The UK and Europe

David Cameron's letter

Stephen Castle / Nov 2015

Photo: European Union


Even before its publication, David Cameron's long-awaited letter to European colleagues on his re-negotiation of EU membership highlights the complexity of this opaque, contorted, process.

In the ornate chambers of the Foreign Office, the Europe Minister, David Lidington, plays down  expectations that the letter, due to be sent soon to the European Council president, Donald Tusk, will finally spell out the fine print of what Britain wants.  The "last thing" Mr. Cameron should do, Mr. Lidington says, is publish  "a detailed negotiating position", setting out "red lines."

Across the road  at Westminster there are grumblings from Eurosceptic Conservative MPs that the letter may now be published after Parliament goes into recess on Tuesday (Nov10) - thereby reducing the prospect that critical MPs will be able to gang up to make trouble.  

All this underlines the difficulties Mr. Cameron faces in a renegotiation modelled on the tactics of Harold Wilson's who, before the 1975 referendum, returned from the continent with an insubstantial deal that, nonetheless, paved the way for a "yes" vote. 

When Mr. Cameron promised his in-out referendum in the Bloomberg speech in January 2013, such detailed haggling must have seemed a distant prospect.  

Back in 2013 it was far from clear that Mr. Cameron would be in Downing Street after the May 2015 election to carry out the pledged renegotiation and referendum. Most people - Mr. Cameron probably included - thought that, if he was still Prime Minister, it would be at the head of a coalition.

But now, leading a Conservative government with a parliamentary majority (albeit a small one) Mr. Cameron has to deliver. And several, complex, moving parts need to mesh in order to secure the outcome he says he wants - a "yes" vote in the coming referendum.

Mr. Cameron knows that if he asks too much of his fellow European leaders, he damages his chances of getting a decent deal. They need to believe that he is pragmatic, that he intends to negotiate in good faith, and that, after his successful renegotiation, he will lead the campaign to stay in.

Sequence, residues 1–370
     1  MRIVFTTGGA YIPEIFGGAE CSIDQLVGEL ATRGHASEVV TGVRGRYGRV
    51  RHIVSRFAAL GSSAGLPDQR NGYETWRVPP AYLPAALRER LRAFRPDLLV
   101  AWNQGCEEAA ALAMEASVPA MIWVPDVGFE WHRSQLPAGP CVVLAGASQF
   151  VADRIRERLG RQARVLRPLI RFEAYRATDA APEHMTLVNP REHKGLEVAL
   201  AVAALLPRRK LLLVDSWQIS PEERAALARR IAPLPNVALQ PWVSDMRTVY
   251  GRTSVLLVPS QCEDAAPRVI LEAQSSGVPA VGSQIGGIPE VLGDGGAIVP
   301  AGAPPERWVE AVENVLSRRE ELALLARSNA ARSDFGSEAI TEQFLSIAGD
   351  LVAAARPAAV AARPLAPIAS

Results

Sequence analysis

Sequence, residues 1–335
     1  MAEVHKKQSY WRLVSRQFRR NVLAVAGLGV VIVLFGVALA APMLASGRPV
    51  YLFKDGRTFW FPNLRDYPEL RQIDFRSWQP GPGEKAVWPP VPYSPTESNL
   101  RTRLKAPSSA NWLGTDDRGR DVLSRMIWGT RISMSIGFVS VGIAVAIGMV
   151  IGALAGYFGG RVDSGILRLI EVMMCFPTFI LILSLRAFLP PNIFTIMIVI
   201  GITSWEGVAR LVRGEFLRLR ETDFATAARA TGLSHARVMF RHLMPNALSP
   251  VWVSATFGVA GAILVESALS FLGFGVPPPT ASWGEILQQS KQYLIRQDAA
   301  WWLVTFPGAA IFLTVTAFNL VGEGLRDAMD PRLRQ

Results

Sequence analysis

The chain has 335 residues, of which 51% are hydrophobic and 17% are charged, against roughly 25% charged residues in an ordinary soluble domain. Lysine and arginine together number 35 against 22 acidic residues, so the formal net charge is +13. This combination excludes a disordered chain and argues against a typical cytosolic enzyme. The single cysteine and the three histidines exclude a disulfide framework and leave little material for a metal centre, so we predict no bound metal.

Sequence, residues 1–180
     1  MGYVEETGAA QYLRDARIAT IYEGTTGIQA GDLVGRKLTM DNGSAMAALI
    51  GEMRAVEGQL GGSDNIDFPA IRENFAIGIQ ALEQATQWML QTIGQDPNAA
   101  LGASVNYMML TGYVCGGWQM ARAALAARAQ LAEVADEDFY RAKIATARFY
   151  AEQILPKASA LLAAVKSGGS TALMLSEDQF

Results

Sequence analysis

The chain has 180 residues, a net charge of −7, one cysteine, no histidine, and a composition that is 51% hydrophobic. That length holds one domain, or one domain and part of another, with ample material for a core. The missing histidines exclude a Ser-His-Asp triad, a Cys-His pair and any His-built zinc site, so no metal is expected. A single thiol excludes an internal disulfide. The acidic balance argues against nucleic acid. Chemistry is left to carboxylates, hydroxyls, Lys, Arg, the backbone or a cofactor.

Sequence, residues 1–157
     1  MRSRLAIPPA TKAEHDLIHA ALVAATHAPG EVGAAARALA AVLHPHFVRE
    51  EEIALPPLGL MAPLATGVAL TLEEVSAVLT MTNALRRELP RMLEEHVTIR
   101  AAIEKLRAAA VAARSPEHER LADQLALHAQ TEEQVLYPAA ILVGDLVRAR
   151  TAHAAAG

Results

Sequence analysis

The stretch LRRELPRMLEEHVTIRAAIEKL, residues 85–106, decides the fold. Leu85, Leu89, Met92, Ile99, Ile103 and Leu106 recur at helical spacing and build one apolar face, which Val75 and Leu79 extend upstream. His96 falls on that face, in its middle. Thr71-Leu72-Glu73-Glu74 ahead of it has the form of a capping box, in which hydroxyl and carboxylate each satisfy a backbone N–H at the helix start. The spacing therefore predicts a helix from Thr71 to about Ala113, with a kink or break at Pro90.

But if his wishlist looks too modest, his Eurosceptic enemies at home will pounce, and denounce the renegotiation as the sham they predicted. Hence Mr. Lidington's warning against issuing a detailed negotiating position which "becomes seen either as an opening bid, from which you can of course be negotiated down, or it is seen by another group of people as an absolute minimum that you must get, and any retreat from that is a devastating reverse."

This explains why Britain has so far limited its pronouncements to outlining the general areas where it wants progress in the renegotiation. Mr. Cameron's true objectives are rooted less in sharp visions of the future of Europe and of the architecture of the EU, than in in the optics of British domestic politics. Rather than securing any specific policy changes, he needs to produce a package that looks, smells, and feels substantial enough to reassure the majority of Conservative MPs that he has won something worth having.  

Of course there are a number of Tory MPs who want to leave the EU, and who will never be persuaded by anything Mr. Cameron can realistically hope to deliver. But there are many who want to support him, and some others who are wavering Eurosceptics, who might be persuaded. If they are going to vote in favour of EU membership, they will need ammunition to justify doing so to Conservative activists (most of whom are Eurosceptic to a greater or lesser degree). Unfortunately for Mr. Cameron, the "no" campaigners are much better financed and prepared than in the 1970s, and are waiting to try to pull apart whatever Mr. Cameron secures.

And there is another problem. Even if Mr. Cameron's renegotiation can bring onside a significant portion of the Conservative Party, it has left the broader "yes" campaign with a headache. Many supporters of EU membership on the left believe Mr. Cameron will achieve little. They can hardly base their argument on the diplomacy of a Prime Minister whose record in Brussels they see as very chequered.  

So, providing Mr. Cameron does get a deal, expect two, discordant, if not contradictory, messages from the pro-Europeans. One group will present the Prime Minister's renegotiation as a crucial victory, one which justifies a "yes" vote. Another will undermine that argument by saying that, although  Mr. Cameron has brought back very little, Britain should remain anyway because of the existing benefits of  membership.

Things, then, are destined to be much more tricky for the pro-Europeans than they were in 1975. Mr. Wilson is supposed to have said that a week is a long time in politics, and 30 years is certainly a great deal longer.



Stephen Castle

Stephen Castle

November 2015

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